What is Radon?
Radon is a cancer-causing, radioactive gas. You cannot see, smell, or taste radon. But it still may be a problem in your home. Radon is produced by the decay of naturally occurring uranium in soil and water. Radon is a form of radiation and proven to cause lung cancer.
Radon in air is actually all around us. Every breath you take whether indoor or outdoor has some amount of radon . The EPA recommends homes with more than 4 picocuries per liter (just remember the number 4, your inspector can explain picocuries) be equipped with a radon pump. The average radon concentration in the indoor air of America’s homes is about 1.3 pcl/ltr. Even at this level, the EPA projects over 20,000 deaths from lung cancer caused by Radon. The level of radon is totally dependent on where you live.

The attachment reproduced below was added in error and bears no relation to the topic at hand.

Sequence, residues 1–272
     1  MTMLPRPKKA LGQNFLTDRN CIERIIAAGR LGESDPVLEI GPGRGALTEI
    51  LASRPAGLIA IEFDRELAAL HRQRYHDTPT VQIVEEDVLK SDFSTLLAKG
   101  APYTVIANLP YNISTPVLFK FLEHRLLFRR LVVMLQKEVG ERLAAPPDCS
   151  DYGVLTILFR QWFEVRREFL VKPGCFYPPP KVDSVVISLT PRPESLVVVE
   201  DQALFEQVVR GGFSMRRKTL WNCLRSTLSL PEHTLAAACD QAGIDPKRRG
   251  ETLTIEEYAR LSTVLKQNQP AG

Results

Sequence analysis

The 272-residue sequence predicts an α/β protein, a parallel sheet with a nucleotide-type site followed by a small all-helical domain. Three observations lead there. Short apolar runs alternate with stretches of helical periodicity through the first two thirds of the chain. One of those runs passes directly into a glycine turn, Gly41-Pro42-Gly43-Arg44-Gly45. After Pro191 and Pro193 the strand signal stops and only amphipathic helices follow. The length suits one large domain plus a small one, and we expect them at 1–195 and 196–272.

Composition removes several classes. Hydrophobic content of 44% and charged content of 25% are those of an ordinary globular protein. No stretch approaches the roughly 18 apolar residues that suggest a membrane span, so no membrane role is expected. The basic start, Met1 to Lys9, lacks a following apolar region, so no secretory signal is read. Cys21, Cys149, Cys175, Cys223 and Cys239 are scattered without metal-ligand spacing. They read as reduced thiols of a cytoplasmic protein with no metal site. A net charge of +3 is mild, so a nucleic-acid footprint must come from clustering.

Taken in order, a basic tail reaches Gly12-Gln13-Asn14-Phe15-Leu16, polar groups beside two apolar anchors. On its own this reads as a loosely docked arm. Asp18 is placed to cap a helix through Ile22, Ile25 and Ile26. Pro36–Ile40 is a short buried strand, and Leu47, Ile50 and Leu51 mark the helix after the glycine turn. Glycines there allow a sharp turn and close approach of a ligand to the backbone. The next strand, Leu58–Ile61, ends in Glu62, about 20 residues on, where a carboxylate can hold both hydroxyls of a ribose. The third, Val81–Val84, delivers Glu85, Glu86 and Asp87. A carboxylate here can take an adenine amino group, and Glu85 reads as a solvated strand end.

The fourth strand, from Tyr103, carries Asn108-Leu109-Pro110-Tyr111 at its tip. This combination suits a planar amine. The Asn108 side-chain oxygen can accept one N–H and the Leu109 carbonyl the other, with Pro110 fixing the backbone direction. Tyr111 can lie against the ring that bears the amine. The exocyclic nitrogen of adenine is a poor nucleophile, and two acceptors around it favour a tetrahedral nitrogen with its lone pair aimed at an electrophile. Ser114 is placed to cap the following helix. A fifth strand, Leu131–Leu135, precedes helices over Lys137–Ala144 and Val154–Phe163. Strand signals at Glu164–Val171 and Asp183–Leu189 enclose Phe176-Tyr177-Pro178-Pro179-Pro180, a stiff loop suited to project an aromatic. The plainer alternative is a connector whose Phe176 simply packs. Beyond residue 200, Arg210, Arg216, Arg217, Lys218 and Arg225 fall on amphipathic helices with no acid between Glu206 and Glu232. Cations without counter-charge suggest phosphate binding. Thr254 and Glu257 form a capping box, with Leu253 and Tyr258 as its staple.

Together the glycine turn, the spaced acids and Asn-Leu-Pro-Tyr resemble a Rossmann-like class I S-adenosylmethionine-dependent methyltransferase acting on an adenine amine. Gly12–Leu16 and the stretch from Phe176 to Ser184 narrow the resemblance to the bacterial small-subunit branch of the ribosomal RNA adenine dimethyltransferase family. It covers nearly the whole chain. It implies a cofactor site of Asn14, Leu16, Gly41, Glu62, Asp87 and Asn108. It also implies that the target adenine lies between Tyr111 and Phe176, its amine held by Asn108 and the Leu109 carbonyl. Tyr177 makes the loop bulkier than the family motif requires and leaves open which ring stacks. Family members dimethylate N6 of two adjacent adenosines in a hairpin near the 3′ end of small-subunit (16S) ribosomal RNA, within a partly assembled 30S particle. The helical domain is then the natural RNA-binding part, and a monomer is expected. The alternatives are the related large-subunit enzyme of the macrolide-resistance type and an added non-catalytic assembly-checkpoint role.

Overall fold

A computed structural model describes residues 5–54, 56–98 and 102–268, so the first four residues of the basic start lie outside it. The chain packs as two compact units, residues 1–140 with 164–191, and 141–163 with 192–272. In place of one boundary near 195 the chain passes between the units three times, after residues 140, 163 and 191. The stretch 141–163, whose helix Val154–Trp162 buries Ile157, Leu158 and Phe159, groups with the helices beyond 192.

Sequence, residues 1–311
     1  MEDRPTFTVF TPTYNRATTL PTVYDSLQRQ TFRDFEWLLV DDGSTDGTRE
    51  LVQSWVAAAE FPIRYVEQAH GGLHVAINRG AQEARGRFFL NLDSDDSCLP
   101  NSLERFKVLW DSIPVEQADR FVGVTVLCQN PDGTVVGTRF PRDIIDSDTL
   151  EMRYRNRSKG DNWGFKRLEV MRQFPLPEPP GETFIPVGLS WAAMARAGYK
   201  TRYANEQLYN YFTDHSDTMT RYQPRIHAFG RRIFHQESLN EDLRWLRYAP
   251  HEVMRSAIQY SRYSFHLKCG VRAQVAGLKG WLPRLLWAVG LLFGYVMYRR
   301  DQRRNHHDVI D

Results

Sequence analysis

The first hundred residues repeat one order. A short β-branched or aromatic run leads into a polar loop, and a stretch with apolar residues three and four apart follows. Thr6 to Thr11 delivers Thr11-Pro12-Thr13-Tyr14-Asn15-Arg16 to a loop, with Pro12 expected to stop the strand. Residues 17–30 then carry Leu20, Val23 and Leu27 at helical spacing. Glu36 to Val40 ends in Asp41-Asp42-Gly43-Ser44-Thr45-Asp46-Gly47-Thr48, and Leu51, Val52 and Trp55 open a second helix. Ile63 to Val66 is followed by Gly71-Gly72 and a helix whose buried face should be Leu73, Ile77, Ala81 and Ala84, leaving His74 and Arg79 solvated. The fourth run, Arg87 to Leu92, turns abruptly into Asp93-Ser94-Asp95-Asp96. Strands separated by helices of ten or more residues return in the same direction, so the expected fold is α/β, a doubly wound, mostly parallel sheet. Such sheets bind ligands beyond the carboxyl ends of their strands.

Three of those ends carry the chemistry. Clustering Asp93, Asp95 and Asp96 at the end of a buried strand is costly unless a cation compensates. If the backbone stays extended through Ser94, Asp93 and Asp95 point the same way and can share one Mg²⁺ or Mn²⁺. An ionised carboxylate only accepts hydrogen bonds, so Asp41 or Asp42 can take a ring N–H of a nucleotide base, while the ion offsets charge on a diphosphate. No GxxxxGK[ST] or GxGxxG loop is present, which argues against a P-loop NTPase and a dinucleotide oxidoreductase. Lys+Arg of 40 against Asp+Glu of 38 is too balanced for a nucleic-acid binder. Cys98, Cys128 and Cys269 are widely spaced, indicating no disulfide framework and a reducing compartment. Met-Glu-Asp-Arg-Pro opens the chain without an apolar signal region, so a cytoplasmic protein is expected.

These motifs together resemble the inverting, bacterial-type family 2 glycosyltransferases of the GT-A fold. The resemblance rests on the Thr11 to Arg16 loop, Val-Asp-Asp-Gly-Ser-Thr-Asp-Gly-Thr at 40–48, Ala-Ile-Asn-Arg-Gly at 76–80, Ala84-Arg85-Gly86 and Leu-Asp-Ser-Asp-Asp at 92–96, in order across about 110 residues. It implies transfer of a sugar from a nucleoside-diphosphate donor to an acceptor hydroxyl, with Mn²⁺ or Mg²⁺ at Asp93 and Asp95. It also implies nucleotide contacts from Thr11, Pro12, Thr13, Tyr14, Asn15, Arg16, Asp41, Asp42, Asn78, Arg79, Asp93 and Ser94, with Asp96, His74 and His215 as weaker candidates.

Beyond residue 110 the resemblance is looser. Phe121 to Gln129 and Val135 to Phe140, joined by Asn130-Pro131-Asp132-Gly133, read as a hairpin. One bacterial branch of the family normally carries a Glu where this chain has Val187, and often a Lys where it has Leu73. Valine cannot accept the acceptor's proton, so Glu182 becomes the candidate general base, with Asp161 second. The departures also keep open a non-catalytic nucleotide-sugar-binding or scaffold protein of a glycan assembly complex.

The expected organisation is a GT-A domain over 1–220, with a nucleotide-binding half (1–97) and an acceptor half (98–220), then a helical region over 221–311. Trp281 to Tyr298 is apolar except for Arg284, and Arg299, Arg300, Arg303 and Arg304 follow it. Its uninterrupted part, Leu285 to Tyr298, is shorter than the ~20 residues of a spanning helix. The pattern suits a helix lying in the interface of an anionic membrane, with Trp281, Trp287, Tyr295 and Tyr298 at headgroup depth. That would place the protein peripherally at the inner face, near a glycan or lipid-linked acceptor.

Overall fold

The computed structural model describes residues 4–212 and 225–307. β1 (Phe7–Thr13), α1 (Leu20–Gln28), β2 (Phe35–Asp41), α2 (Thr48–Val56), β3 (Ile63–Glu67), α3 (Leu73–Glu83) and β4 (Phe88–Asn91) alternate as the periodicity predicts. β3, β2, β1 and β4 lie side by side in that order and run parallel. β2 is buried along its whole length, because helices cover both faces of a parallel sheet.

You Should Test for Radon
Testing is the only way to find out your home’s radon levels. Both the EPA and the Surgeon General recommend testing all homes below the third floor for radon.
You Can Fix a Radon Problem
If you are a seller many realtors recommend that you test your home before putting it on the market and, if necessary, lower your radon levels prior to accepting a contract. Like a Home Warranty this is an excellent tool to put the buyer at ease. Save the test results and all information you have about steps that were taken to fix any problems. This could be a positive selling point. If you are a buyer the EPA recommends that you know what the indoor radon level is in any home you consider buying. Ask the seller for their radon test results taken on the lowest level of the home. If the home has a radon-reduction system, ask the seller for any information they have about the system. Your inspector can determine if the unit is working properly.